Think about it.  We do not have Lenten songs of the season.  And while we do have Easter hymns, there are really not a lot of pre-Easter secular songs except for “Here Comes Peter Cottontail.”  Advent and Christmas invite us to sing a new song tot he Lord, to sing each day.

Look at some of the songs in Luke’s Gospel that are found in chapter 1.  Mary sings a song of praise for what God is doing in her and through her (1:46-55), and old Zechariah sings a song of praise about what John the Baptizer (his new born son) is going to accomplish (1:67-79).

Advent and Christmas beckon us to sing about the newness that is occurring around us, about the God who says, “Behold, I make all things new!”  Get that: all things.

So sing a new song to the Lord.  Put aside the tired same-old same-old and belt out something refreshing and exciting.  And when you do, don’t be surprised if an angel chorus joins in.

Prayer for the Day:

God who makes our hearts sing, as we near the time of the Savior’s birth again this year, make our song new. Remind us of your great love for us that we might sing your praises with new vigor again this year.  In the name of the one who has taught our hearts to sing, Jesus the Christ, Amen!

December 21st

Family Tree

Reading: Matthew 1:1-17

Can you feel it building?  Soon we’ll be reading those lovely verses that you’ve known throughout your whole life about shepherds and angels, stables and silent nights.  But not yet.  Not yet.

Why slough through this family tree mumbo-jumbo?  Why bother with this background information?  Don’t you want to get to the good stuff?!  Of course you do, and its coming.  But first we must be reminded that Jesus was not just popped into history.  That Jesus is the long-promised one, promised by God from long ago.  Promised for a billion-year-old world at just the right time.  And that the promise does not go away just because it’s familiar.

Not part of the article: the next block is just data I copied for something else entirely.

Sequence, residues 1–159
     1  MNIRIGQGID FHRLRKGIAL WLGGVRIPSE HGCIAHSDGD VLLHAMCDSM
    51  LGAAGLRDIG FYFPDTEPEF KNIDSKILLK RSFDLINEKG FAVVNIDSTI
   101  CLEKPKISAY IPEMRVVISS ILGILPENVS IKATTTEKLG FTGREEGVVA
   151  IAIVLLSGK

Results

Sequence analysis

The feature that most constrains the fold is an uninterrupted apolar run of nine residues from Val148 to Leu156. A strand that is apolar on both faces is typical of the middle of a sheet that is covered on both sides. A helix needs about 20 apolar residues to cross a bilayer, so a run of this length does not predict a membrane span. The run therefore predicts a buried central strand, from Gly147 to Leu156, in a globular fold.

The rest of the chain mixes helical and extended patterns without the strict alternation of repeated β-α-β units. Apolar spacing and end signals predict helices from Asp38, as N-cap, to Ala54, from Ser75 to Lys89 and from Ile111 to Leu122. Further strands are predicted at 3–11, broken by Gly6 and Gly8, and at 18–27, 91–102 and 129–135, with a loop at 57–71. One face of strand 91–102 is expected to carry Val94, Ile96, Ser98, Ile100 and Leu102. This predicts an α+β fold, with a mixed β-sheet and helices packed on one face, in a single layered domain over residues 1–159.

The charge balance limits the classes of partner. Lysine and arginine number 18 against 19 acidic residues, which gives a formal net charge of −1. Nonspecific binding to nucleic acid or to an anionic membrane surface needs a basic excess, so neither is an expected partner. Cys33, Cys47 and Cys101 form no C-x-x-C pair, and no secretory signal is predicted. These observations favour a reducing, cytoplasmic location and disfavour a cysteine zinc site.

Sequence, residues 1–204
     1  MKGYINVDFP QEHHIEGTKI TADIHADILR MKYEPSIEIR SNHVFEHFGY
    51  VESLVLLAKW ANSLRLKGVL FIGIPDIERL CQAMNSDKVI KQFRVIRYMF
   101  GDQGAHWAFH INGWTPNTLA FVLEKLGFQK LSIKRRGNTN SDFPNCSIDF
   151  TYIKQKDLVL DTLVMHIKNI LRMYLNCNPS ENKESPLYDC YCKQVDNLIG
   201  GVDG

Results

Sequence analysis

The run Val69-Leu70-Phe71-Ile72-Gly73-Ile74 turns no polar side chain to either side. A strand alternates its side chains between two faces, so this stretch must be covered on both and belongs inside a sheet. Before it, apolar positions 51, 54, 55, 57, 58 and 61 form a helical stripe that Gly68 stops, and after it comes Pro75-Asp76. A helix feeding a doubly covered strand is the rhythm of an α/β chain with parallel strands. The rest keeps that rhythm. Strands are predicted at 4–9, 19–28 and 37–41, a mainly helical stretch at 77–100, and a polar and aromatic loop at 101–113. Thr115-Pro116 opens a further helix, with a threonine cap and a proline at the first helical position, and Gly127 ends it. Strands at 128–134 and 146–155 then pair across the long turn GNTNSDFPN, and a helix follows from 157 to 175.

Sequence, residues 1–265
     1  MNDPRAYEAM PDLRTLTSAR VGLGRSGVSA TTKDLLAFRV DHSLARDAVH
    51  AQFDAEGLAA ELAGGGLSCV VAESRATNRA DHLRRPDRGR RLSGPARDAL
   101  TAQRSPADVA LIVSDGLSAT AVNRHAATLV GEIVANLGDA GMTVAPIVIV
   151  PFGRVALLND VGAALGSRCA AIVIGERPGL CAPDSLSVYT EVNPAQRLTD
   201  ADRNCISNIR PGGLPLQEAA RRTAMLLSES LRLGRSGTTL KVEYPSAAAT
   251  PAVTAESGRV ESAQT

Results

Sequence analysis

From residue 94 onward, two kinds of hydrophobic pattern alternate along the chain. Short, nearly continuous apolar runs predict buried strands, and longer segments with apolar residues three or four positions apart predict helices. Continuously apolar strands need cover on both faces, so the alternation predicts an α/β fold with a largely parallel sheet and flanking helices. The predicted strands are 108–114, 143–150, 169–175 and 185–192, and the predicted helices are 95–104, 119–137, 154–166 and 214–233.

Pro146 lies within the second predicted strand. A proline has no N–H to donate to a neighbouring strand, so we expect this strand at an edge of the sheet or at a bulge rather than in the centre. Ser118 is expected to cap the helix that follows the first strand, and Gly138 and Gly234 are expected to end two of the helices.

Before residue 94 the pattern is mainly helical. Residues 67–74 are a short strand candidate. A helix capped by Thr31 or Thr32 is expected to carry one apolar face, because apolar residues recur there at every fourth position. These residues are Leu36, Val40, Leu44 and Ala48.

So what are you to do with these verses?  Why not look up who Jesse is?  Reread the story of Solomon.  Ponder Joseph and Mary in their surprise, humility, in their preparation to make this long journey.  Get in touch with that which is not story, with that which looks a little more like you and me.  And then, perhaps, you can get in touch with just how amazing it is that God came in flesh and blood, like you and me, apart from the nostalgia of silent nights.

Prayer for the Day:

Incarnate God, you came in flesh and blood to be with us.  You came through a promise from the beginning of time.  You came through unusual people, through unusual circumstances, to arrive in our world, in our lives, in our own promises at just the right time.  As we near that day and time, make us ever grateful not just for the nostalgia, but for the reality that is you.  In your name we pray, Amen.

December 20th

Dedicated to God

Reading: 1 Samuel 1:19-28

Elhanah and Hannah did a faithful and courageous thing—a crazy thing in the eyes of most folks.  They gave their son Samuel away.  they gave him to God and not just in a spiritual sense.  They gave him away physically so that he could be in the Temple service of God.  Hannah and Elkanah had been childless their entire marriage until God gave them Samuel.  And what did they do?  They gave Samuel back.  Wow; gutsy move.

But what they didn’t know when they took this little guy to the Temple and dropped him off was the Samuel was to become a great prophet, a visionary of God, an anoint-er of kings, a tireless servant of the Most High god.  If they had known all that he was going through—the good and the bad—they would have beat feet for another land.  But they were faithful.

In the same vein, sort of, Jesus was totally dedicated by God to God and hew knew exactly what was in store for him…and yet he hung in there.  He did it for us.  Crazy, huh?

But then no one has ever accused God of being sane by human standards.  Remember that the Apostle syas that the wisdom of God is pure foolishness to the likes of us.

So let me challenge you this Advent season to do something totally insane: dedicate yourself to God.  That’s right, offer God a blank check on your time, talents, and resources.  Don’t be afraid.  Remember, he loved you enough to give Jesus for you and would do it all over again.